:: Turn it around and imagine the majority were *for* a CFC, lead and mercury fest - then the minority wuld be correct in their beliefs.
SDF: So? Elite rule is no protection from majoritarianism, because the elites must gain the assent of the masses anyway, as you yourself have pointed out.
Right - so in other words - when you point at a minority as being responsible for environmental damage you also appreciate the sanction given to them by the vast majority, and that the dependancy you see as the cause of such sanction (ie, that its unwilling really) was and is also given as sanction.
: SDF: Opinions are arbitrary only to those who believe in an ideology, whose minds are so shut that they can no longer be persuaded of anything true and so they imagine the rest of the human race to be in their condition. Human opinion is in fact formed through enculturation, a process that is social through and through.
In the context I was discussing, I was pointing out regardless of the source of an opinion, whether ideological or via enculturation, the *test* of its validity is reality. Put simply it doesnt matter how much people believe that there are pots of gold at the end of rainbows, nor where that opinion is sourced - its false.
: SDF: And you are powerless to affect the opinions of others?
I would be were I to be against the burning of witches in the late middle ages. There is no gaurantee of defacto freedom of speech even in current society, even less where the law itself is subject to opinion unbounded by a legal framework. Galileo's opinion on atronomy was a worthy one - its test with reality showed it to be superior to other opinions - but the majority was against his opinion and his efforts to affects others landed him under house arrest.
: SDF: I can also appreciate the great danger inherent in the financial rule of the owning classes, a danger even greater than that faced from within the strength of democratic and consensus processes. 'Tis better that necessary group decisions be made through a process that attempts to reconcile all interests rather than that decision-making power be awarded to the cash payment of the highest bidder.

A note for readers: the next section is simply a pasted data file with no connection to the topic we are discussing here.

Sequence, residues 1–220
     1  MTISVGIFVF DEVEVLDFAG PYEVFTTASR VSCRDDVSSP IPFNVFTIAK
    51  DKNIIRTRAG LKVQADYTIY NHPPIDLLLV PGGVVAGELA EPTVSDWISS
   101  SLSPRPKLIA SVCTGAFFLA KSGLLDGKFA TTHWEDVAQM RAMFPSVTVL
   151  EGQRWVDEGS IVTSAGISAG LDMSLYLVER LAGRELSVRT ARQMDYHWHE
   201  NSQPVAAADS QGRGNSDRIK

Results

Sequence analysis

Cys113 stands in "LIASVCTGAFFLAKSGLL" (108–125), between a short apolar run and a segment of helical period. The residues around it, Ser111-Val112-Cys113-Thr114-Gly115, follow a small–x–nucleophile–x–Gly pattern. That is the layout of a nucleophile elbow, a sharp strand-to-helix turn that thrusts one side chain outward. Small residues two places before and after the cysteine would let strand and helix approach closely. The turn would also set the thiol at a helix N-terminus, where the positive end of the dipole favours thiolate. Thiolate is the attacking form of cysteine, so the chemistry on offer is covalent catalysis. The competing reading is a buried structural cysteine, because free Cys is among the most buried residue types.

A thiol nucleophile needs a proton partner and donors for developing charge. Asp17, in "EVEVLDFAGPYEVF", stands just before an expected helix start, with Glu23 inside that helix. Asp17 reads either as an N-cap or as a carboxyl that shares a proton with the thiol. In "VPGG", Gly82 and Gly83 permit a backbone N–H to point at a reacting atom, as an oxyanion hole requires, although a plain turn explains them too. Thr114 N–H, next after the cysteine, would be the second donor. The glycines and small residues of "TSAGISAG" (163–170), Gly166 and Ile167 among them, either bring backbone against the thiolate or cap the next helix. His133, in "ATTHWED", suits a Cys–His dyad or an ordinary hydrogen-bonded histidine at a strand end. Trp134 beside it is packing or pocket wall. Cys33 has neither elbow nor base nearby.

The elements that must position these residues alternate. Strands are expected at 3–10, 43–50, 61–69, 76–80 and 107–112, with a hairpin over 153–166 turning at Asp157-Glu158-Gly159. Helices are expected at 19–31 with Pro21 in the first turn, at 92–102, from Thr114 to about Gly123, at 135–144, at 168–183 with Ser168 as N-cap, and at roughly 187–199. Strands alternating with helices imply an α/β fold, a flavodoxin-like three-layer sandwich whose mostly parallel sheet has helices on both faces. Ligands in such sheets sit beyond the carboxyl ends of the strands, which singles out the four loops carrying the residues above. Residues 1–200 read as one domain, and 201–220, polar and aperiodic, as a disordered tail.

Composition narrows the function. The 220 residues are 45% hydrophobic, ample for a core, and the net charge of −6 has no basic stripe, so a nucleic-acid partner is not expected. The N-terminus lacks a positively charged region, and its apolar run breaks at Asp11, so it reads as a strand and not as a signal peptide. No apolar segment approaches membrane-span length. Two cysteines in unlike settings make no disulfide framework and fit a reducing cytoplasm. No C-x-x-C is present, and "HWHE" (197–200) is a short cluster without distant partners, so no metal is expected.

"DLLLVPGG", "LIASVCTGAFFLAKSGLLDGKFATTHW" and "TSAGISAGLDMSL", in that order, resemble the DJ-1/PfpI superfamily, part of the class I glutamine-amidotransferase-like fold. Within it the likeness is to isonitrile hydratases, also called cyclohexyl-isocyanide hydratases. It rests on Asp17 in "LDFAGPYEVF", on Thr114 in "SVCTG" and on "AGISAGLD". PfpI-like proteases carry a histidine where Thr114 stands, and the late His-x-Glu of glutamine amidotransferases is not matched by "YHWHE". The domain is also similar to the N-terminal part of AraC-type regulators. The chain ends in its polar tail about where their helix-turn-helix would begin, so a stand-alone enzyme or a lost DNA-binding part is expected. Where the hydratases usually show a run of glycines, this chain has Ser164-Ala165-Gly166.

Why not one which refers more to the above 'galileo' test than to opinion? How can such be structurally added to a democracy to make it less likely to descend into the populist equivalent of middle ages witch burning.
: SDF: Some decisions require a short meeting because they're about urgent matters, shall we move now to avoid the path of a hurricane, shall we vaccinate everyone against the plague, what to do about crop failure, etc. Other decisions, regarding the rotation of cooking duties for instance, can be negotiated over a longer period of time. It's a practical matter, not one of competition for personal power. Imposing the social relations of the capitalist world upon a communal society is the easiest way to misunderstand communal life.
I think the scope for extending personal power is greatly increased in urgent situations, its where people drop their gaurds in seeking a quick solution. Its where (I am referring to allsorts of things today!) the angry mobster can invoke the crowd to carry blazing torches to Frankensteins' castle. The only counter I can think of is to have some people invested with authority - 'experts' if you will. And we know what can happen then.
:SDF: The issue of fair-weather friends of democracy doesn't arise in some arbitrary context where some majority arbitrarily supports democracy against some minority which arbitrarily doesn't support it. It's when people pretend to support democracy and then are caught acting in bad faith about matters of community importance.
Ah, I was referring to people who expressed their concerns over democracy fully and explicitly, rather than those who pretended agreement. Even those who actually agree however may be faced with an unacceptable (to them) majority decision which is unforseen by them.
SDF: Maybe it's YOUR double standard.
SDF: This is a dubious line of reasoning, gainsaying my fact-based assessment just because you don't understand it. Go back and look at the basis for determining class, it's FACT. Employment is not "subjective," it's a REAL relationship between people, it's the relationship between the working class and the owning class. Dependency is a real relationship, and the members of the working class, each and every one of 'em, are all dependent upon the wages of a paying employer. There's nothing arbitrary about this at all, and there's nothing arbitrary about creating democratic working-class unions of people (preferably communes; I value relative group autonomy) so that we don't live in a society where pieces of money have more power than votes, either.
Ignoring the presumption that disagreement must equate with not understanding you, the above assessment describes only the fact of their employment by others. Essentially - who is spared this? Not the likes of Stuart Gort - employed by his clients, not even McDonalds - employed by whomever eats there. Seperating working class by ownership is problematic - I discussed with RD the possibility of people who own enough to 'live off' but also work further to enhance their own lives, resulting in the question of where to draw the line, where this 'dependancy' supposedly starts and ends.